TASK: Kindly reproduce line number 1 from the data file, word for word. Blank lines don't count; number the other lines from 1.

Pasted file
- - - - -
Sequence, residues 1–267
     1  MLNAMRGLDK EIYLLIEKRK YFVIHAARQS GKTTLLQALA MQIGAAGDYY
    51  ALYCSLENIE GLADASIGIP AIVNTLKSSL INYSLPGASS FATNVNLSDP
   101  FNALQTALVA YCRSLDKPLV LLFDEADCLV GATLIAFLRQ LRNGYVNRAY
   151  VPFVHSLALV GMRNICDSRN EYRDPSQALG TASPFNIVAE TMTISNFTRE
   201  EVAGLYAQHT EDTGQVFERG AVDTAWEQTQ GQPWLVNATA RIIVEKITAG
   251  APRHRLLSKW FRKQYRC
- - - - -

Sequence, residues 1–267